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Productivity is Key to the Future Success of the Black Country

Responding to the publication of the HM Treasury report ‘Fixing the foundations: Creating a more prosperous nation,’ Johnathan Dudley, Managing Partner and Head of Manufacturing Business at Crowe Clark Whitehill LLP and Chair of the Alliance for the Black Country (which drives the Black Country Chamber of Commerce Competitiveness agenda), said: “There is much in this report to praise: recognition of the need to improve productivity, an infrastructure for business and the need for more companies to explore overseas markets.

“In my business manifesto, published before the budget, I asked for three things that would unleash the potential of the manufacturing sector: we have seen the Annual Investment Allowance remain at a reasonable level but we have seen nothing in the way of incentives for businesses to invest in training or invest in trade missions across the world.

“The Annual Investment Allowance will go some way towards incentivising businesses to invest in new, more productive machinery. However, without the wherewithal to create a great case for investment to take to a bank or alternative financier, our manufacturing companies may not take advantage of the allowance. Schemes such as Funding for Lending and the Enterprise Funding Guarantee are not working. We need to revisit how this money is being spent and enable the professional services sector to contribute to business growth by lifting the quality of investment plans. Unless we do this productivity will stagnate and I have written to the Secretary of State for Business, Innovation and Skills urging him to come and talk to us about how we can double the size of the Black Country economy using an investment readiness methodology.

“The Black Country Chamber of Commerce is helping SMEs to develop their strategic leadership skills and this will certainly help with some of the cultural aspects behind low productivity. It is an area that our American cousins seem to understand better than we do. Nevertheless, an enlightened and productive culture may not be able to make the step change in productivity that some state of the art tooling machines can manage. They can achieve in hours what takes older machines two or three days.”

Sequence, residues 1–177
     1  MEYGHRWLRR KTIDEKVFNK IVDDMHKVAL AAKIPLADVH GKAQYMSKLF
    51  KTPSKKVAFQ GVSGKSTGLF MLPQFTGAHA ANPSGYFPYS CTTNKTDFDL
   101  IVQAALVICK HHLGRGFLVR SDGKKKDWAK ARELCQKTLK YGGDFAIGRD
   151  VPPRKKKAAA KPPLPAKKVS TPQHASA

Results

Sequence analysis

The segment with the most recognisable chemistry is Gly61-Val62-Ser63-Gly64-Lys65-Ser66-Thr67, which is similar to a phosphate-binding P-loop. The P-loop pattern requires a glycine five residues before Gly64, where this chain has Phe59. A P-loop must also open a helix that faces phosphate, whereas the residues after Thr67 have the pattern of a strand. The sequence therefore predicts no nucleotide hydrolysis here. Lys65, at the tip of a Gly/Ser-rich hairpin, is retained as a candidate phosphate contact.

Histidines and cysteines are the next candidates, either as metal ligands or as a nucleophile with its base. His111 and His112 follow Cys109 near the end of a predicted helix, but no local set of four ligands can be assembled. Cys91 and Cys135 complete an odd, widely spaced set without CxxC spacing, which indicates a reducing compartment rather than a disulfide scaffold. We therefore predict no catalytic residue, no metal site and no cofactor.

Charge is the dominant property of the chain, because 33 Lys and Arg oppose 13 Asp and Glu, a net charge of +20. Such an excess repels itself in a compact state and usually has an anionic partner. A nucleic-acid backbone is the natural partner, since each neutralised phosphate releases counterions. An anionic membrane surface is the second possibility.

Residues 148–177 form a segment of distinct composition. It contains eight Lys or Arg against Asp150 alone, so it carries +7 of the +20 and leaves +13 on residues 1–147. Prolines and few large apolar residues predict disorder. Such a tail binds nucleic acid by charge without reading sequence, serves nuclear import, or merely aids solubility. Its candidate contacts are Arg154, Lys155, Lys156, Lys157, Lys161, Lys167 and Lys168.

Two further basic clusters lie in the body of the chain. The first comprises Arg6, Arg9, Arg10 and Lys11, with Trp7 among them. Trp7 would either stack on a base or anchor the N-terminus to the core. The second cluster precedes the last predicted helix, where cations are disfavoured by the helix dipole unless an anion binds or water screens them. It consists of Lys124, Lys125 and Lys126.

Commenting on the need for a modern transport system, another one of the fifteen points in the ‘Fixing the Foundations’ report, Colin Leighfield, Director of B.E. Wedge and Chair of the Black Country Chamber of Commerce’s Transport Group said: “We have been asking for an integrated and coherent transport strategy for some time, one that will attract private investment and one that overcomes the ridiculous dissonance between the UK’s airport and High Speed Rail strategies. The UK will only become truly productive when our businesses can transport their products by road, rail, air and sea in the shortest possible time. In the Black Country our precision engineers are ready to supply to the world. It is very disappointing therefore when the first two hours of that journey is being stuck on the local road and motorway system and when managers are having to waste valuable time travelling to Heathrow or Manchester for international flights that Birmingham Airport is perfectly capable of providing now that it has the longer runway.

“We will be watching closely to see how revenue generated from the new Vehicle Excise Duty proposals is invested and also for a realisation that the conclusions of the Davies Commission which focus attention on the South East and Heathrow are short-sighted and not in our best interests.”

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